Take Their Calls, Mr. President, But Don't Take Their Bait | Opinion

Giving Donald Trump a second term might well have spelled the end of our democracy. His authoritarian antics had stressed our democratic institutions almost beyond their ability to withstand, and it took 80 million Americans to rid the White House of such a malignant force. The Republicans refused to get rid of him; the Democrats were not able to get rid of him; we the people, however, did the job.

Now that that abusive relationship is over—Donald Trump ensconced far away from the perch of power from which he did so much damage over the last four years—we have before us a different set of challenges. President Joe Biden must "build back better" in a way that doesn't just put us back on the same trajectory that led to the election of Trump in the first place.

Democrats do not have a lot of time to prove to the American people that they offer a future more compelling than one even dreamed of by the Republican Party. President Biden's goal should be a massive infusion of economic hope and opportunity into the life of the average American—not just something that will help them make it through the day, but something that will help them actually rebuild their lives. And of course, this will not be easy. In order to really heal this country, he must be willing to piss a lot of people off.

Some say Biden should move slowly in making economic alterations that create broad scale change in the lives of millions—don't turn over the apple cart, take things gradually to show bipartisan respect. But upsetting the markets should not be as important to anyone as the upset of a mother who cannot feed her child. Unity with tens of millions of Americans who desperately need help is more important than unity with those few who for their own purposes don't want to help them.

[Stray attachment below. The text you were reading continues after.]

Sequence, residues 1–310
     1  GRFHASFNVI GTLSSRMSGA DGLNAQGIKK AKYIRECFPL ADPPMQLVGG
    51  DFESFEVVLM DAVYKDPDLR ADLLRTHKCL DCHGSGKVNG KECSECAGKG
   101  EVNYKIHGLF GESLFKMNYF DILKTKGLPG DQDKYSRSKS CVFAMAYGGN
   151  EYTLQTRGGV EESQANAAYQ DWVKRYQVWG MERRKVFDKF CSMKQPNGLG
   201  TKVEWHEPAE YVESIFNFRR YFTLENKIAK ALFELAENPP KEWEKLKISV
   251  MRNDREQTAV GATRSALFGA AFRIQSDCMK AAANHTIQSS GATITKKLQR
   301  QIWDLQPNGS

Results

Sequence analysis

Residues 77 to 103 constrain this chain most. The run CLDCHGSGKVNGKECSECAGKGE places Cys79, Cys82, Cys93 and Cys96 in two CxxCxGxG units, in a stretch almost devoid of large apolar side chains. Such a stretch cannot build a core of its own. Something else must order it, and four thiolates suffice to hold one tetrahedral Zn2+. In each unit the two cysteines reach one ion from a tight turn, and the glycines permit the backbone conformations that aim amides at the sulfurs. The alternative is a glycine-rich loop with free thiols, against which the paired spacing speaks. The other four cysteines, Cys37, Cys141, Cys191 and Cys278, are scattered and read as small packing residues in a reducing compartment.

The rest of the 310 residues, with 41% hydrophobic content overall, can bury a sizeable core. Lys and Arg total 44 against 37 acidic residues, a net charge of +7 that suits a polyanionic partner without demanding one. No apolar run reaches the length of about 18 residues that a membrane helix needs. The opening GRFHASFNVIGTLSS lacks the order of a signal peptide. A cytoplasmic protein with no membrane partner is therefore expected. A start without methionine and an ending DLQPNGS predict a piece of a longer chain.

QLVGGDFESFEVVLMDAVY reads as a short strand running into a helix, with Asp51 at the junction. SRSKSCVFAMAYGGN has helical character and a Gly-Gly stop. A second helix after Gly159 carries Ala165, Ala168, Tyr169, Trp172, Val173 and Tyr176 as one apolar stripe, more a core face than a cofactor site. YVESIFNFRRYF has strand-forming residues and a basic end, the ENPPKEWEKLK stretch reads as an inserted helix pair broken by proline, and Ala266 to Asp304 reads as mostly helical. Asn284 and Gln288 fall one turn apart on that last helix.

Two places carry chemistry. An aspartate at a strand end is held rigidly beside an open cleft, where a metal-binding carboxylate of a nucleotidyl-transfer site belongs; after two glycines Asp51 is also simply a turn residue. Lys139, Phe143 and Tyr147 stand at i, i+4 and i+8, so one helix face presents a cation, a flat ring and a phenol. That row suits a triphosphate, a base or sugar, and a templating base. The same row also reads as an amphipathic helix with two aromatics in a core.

So far Biden has straddled two worlds, gunning the engine in some ways and keeping his feet on the brakes in others. On one hand, his early initiatives have been a welcome salve on some painful wounds, returning moral authority to places where it had dwindled to near nothing under the Trump administration. From ending the permit to the Keystone Pipeline to lifting the threat to America's Dreamers, from ending the Muslim ban to saying we will no longer aid Saudi Arabia's atrocious attacks on Yemen; Biden has already brought a swift return of righteousness to important areas.

But in other ways our new president is reaffirming his commitment that "nothing will fundamentally change," from appointing a recent general and Raytheon board member to head the Department of Defense (ensuring the continued outsized influence of the military industrial complex on our defense policy), to the appointment of an Obama-era neoliberal tied to the financial industry as his national bank regulator as opposed to a candidate with expertise on the racial wealth gap (insuring no serious challenge to racist dynamics within our banking system). There it is, that thing that neoliberals are so good at: change on the periphery, no change at all on the structural level.

But structural change within the U.S. economy must occur and it will occur quickly, or the Democrats will have a difficult time in 2022. Income inequality has ravaged this nation over the last 40 years, and while a Republican president started it no Democratic president has stopped it. Voters realize that; only a minority now thinks that either major political party is fully dedicated to their rescue from the horrors of their economic circumstances. For all Biden's talk of healing the country, the only way to do so is to bring tens of millions of people out of the desperate economic conditions created not only by the pandemic but also by the economic policies of the last 40 years.

President Joe Biden speaking
President Joe Biden speaks after signing an executive order related to American manufacturing in the South Court Auditorium of the White House complex on January 25, 2021, in Washington, D.C. Drew Angerer/Getty Images